Key Takeaways

  • Although vaccines have been available for some time now, scammers are still trying to to capitalize on COVID fear, anxiety, and confusion.

  • Scammers use COVID vaccine scams to steal older adults’ Medicare numbers and personal information.

  • You can protect yourself by ignoring suspicious communications and never sharing your personal information with people you don’t know.

Fraudsters are always looking for ways to scam people, and the COVID-19 public health emergency was n no exception. Scammers have promoted false cures, sold phony personal protective equipment, given people illegitimate COVID tests, and billed Medicare for sham tests and treatments. Now, they are targeting vaccines.

Even years after the pandemic began, con artists continue to use vaccine scams to swindle unsuspecting consumers. "When it comes to being a scammer, it's a full-time job," said Genevieve Waterman, Director of Corporate Partnerships and Engagement at NCOA.

These bad actors’ goals are simple: to get their hands on your sensitive personal information. This information can then be used to steal your personal and/or medical identity—or to outright steal your money by hacking into your private bank accounts. But you can stop scammers in their tracks by empowering yourself with knowledge.

These tips can help you avoid COVID vaccine scams and keep your information safe:

Ignore ads for the COVID vaccine

Scammers set up fake websites or make social media posts offering to sell vaccines or vaccine kits. Some are imitating legitimate pharmaceutical manufacturers. In certain cases, they ask for payment for vaccines and/or kits via a credit card, or they may ask you to send payment to a specific credit union.

Don’t fall for it. You can’t buy a COVID vaccine (even from an online pharmacy). It's only available at approved locations, such as pharmacies and community-based vaccination clinics. Plus, thanks to the Inflation Reduction Act, all recommended adult vaccines covered under Part D—including COVID vaccines—are free. If you have Medicare, you should pay nothing out of pocket to receive a COVID shot.

Never pay to sign up for the vaccine

Do not respond to anyone who calls, texts, or emails you asking for money to make a vaccination appointment on your behalf (or reserve your spot in line for vaccination). You do not need to pay money to sign up for a vaccine appointment, and that person is most likely a scammer.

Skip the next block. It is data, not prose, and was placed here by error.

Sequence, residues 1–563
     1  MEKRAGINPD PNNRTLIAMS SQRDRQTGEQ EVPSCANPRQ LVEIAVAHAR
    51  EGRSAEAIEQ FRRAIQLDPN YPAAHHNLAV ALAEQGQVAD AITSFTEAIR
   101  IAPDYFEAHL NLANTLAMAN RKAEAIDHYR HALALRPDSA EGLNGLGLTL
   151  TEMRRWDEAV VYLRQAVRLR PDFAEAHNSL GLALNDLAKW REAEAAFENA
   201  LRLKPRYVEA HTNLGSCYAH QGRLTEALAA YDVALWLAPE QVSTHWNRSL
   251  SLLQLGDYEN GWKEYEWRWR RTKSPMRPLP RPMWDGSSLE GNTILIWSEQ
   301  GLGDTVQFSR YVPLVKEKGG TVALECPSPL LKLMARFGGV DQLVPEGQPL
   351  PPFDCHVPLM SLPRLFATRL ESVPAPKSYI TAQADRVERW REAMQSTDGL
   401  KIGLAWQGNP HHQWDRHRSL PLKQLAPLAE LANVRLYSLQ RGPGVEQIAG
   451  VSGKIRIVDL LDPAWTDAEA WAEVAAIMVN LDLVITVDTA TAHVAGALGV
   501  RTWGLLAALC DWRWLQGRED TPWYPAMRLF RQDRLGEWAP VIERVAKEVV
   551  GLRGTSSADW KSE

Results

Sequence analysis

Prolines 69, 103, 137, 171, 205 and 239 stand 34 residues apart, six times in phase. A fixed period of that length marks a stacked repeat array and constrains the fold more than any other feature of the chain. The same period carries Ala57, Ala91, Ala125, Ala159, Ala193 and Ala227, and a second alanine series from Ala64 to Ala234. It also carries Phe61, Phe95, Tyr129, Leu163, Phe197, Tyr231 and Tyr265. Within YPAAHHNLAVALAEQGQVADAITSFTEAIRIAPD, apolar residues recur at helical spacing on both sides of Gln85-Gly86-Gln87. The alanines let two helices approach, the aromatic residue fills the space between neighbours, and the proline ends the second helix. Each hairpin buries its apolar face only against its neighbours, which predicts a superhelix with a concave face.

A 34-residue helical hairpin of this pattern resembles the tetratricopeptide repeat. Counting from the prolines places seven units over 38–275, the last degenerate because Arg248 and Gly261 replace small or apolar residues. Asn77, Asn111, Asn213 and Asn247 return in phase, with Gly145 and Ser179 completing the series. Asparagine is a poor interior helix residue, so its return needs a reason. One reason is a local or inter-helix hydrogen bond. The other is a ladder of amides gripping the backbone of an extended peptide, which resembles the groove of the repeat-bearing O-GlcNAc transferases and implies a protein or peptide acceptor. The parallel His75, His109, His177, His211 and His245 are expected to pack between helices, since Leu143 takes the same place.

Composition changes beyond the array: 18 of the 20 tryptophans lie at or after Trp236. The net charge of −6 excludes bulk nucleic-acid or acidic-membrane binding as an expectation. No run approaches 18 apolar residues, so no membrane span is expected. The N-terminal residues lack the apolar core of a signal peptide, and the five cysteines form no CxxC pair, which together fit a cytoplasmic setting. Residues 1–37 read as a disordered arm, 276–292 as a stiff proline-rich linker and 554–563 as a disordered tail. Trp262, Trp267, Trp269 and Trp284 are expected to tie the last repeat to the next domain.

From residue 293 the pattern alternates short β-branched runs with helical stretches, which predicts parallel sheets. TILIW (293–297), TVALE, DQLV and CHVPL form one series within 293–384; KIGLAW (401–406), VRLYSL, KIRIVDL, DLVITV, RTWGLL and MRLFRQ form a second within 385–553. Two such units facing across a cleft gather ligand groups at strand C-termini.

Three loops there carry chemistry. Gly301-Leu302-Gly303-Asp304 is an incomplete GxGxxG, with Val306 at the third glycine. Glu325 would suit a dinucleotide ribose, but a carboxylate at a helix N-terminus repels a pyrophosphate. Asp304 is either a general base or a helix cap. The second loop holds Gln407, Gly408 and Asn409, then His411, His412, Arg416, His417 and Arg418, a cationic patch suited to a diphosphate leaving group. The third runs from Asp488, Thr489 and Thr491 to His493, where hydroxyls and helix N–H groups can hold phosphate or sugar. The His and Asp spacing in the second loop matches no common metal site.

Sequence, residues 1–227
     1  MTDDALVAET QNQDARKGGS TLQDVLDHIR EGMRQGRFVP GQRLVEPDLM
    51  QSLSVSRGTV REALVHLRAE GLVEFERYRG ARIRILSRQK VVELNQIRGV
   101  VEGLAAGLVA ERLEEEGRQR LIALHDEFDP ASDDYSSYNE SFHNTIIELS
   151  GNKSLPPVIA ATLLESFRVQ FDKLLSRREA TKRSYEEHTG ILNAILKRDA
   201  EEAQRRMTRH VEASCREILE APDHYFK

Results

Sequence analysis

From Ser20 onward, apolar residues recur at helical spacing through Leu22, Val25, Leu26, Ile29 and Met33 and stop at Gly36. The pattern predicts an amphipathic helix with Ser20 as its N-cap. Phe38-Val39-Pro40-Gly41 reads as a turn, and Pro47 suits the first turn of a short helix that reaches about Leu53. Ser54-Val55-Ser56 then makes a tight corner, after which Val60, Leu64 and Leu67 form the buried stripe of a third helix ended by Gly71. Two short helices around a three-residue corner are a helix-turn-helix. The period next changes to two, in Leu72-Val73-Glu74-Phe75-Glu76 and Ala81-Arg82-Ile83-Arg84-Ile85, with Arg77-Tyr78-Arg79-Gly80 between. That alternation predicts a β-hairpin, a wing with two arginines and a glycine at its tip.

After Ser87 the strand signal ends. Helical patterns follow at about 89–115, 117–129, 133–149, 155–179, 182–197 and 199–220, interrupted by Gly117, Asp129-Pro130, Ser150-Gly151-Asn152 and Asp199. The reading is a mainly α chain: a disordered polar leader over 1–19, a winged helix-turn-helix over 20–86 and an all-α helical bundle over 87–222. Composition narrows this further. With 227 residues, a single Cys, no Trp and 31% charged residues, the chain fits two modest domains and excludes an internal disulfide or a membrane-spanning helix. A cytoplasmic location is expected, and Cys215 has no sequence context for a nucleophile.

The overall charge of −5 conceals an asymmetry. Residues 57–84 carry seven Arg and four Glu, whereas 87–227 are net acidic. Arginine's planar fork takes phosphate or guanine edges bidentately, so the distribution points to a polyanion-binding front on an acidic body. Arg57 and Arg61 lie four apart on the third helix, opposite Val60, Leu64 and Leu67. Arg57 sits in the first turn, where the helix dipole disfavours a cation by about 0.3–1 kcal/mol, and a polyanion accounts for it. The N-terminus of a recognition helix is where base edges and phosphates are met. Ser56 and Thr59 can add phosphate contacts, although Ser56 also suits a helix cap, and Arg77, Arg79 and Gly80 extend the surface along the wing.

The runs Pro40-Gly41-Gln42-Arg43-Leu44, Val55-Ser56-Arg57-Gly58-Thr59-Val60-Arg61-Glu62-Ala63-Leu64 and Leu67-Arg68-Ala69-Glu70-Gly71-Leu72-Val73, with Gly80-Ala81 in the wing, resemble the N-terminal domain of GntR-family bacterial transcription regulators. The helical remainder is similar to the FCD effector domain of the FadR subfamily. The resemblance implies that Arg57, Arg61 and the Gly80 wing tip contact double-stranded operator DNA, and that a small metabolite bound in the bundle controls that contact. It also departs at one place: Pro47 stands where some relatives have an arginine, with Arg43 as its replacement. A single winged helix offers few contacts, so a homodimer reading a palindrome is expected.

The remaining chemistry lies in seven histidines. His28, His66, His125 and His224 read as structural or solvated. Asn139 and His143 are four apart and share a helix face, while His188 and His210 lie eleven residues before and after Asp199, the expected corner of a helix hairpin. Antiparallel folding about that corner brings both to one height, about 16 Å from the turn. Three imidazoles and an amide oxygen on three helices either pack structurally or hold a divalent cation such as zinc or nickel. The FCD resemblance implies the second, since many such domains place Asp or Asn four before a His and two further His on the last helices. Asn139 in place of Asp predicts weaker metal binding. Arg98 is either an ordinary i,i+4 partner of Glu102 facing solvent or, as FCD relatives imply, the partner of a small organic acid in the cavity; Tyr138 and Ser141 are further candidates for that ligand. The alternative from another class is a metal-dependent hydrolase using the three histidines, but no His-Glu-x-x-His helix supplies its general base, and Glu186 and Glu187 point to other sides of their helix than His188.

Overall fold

Do not click on links in unexpected text messages

Scammers often use text messaging to contact older adults. If you receive a text that seems to be from your doctor or pharmacist, do not respond to it or click on any links it may contain. Instead, call the practice or pharmacy directly to make sure the text is legitimate.

Do not open emails from unknown senders

Beware of unsolicited emails, especially those requesting personal information. For example, some scammers impersonate legitimate organizations—like vaccine manufacturers or even Medicare—very cleverly. They use “doctored” information such as logos and phone numbers to send enticing COVID vaccine surveys offering money, gifts, or other incentives.

As a rule of thumb, do not open email messages from unknown senders, even if the communication looks authentic. If you do accidentally open the email, do not click on any links in the message or open any attachments. Doing so could download malware onto your device, which can then be used by fraudsters to steal your private information.

Do not share your personal information with people you don’t know

Be suspicious of anyone who calls, texts, or emails you asking for personal information such as your credit card number, banking information, Social Security number, or Medicare card number. They may claim they're going to "sign you up" for the COVID vaccine or enroll you in a clinical trial for new COVID vaccines, treatments, and cures. This is likely a scammer looking for an opportunity for financial identity theft. If you’re curious about a communication that looks real, always play it safe. Look up the sender's number using an official source and call them directly to verify what they sent.

Learn more about COVID and other scams affecting older adults